Al-Amin, who was known in the 1960s as H. Rap Brown, was wanted on charges of fatally shooting an Georgia sheriff's deputy and wounding another when the two deputies tried to serve Al-Amin with a warrant March 16.
After fleeing the Atlanta area, Al-Amin was found hiding in a shed outside Montgomery, Ala. Al-Amin now faces charges of fleeing persecution in addition to the murder charge.
In Washington, the four Muslim groups pleaded for a fair trial for Al-Amin and stressed his past community service.
"We want to ensure that Jamil receives proper legal representation," the four groups said in a statement. "To that end, we will offer our services to his legal team in Atlanta."
The coalition--led by the American Muslim Council, the Council on American-Islamic Relations, the Islamic Society of North America and the Muslim American Society--after previously calling on Al-Amin to surrender to authorities, sought to portray Al-Amin as a community activist who had been falsely accused in the past.
"We wish to remind everyone of Imam Jamil Al-Amin's long-standing role as a community leader who had a positive impact on the lives of so many people," the statement read. "The charges of Imam Jamil are especially troubling because they are inconsistent with what is known of his moral character and past behavior as a Muslim."
In 1966, Al-Amin--then known as Brown--became a leader in the Student Nonviolent Coordinating Committee in Alabama. At the same time, he was the honorary minister for justice in the Black Panther party during a temporary alliance between the two organizations. One year later, when SNCC leader Stokely Carmichael was ousted, Brown was given the post.
Brown converted to Islam while serving a five-year prison sentence on robbery charges. After being released in 1976, Brown founded a mosque in Atlanta and became the spiritual leader, or imam, for a small Muslim community in Atlanta's West End.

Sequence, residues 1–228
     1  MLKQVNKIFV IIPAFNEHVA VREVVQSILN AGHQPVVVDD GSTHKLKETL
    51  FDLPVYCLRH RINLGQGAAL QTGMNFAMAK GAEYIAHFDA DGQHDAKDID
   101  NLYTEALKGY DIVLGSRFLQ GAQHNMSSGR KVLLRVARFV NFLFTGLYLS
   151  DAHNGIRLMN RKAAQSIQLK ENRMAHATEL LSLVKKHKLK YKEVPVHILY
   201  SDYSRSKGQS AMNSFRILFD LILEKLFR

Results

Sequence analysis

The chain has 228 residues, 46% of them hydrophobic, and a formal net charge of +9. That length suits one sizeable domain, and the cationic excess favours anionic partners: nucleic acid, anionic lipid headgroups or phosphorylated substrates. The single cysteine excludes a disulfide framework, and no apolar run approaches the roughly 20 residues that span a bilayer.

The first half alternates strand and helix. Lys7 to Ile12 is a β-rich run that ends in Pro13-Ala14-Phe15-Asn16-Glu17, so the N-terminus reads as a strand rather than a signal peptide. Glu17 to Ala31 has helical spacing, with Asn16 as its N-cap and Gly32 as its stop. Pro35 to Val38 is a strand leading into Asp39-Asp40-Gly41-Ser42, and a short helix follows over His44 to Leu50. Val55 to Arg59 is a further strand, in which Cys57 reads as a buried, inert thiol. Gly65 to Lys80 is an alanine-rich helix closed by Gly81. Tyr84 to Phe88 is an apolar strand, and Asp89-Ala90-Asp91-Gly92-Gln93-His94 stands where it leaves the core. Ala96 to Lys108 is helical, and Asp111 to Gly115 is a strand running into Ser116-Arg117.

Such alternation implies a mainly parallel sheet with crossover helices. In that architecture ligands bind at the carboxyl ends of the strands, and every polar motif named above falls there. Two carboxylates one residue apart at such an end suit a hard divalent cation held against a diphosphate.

The following statement was released in Washington Tuesday by leading national Muslim groups concerned about the case of Imam Jamil Al-Amin.
MUSLIM GROUPS TO MONITOR TRIAL OF IMAM JAMIL AL-AMIN
Islamic leaders concerned that justice is served, facts be revealed
WASHINGTON, DC, 3/21/2000)--Leaders of national American Muslim organizations, along with representatives from the community of Imam Jamil Al-Amin, held a news conference in reaction to the arrest of Al-Amin and several others Monday night in Alabama. Authorities allege that Al-Amin was involved in a shooting incident late Thursday in Atlanta, Ga., that left one sheriff's deputy dead and another critically wounded.
A joint statement issued at the news conference read in part:
"We are not here today to judge the guilt or innocence of any party to this tragic series of events. Just as we do not prejudge, we ask that others wait until all the facts are known. In America, as in Islam, anyone accused of a crime is innocent until proven guilty.
"At this point, the role of the Muslim community is four-fold.
"First, we wish to remind everyone of Imam Jamil Al-Amin's longstanding role as a community leader who had a positive impact on the lives of so many people. The charges against Imam Jamil are especially troubling because they are inconsistent with what is known of his moral character and past behavior as a Muslim.
"Second, we want to ensure that Imam Jamil receives proper legal representation. To that end, we will offer our services to his legal team in Atlanta. This team will then address all aspects of the case.
"Third, we will see that his trial is monitored by observers who will insist that any legal proceedings be fair and impartial. We also believe that this process can best take place in a location that allows Imam Jamil to be tried by a jury of his peers.
"Finally, we make note of a past incident in which Imam Jamil was apparently falsely accused of a similar, though far less serious crime. At that time, the alleged victim recanted and claimed that he was pressured by the authorities to name Imam Jamil as the perpetrator.
"Our ultimate goal is to see that justice is done. As it says in the Quran, Islam's revealed text: 'O you who believe. Stand firmly for justice, as witnesses to God...'" (Quran, 2:135)
American Muslim Council (AMC)
Council on American-Islamic Relations (CAIR)
Islamic Society of North America (ISNA)
Muslim American Society (MAS)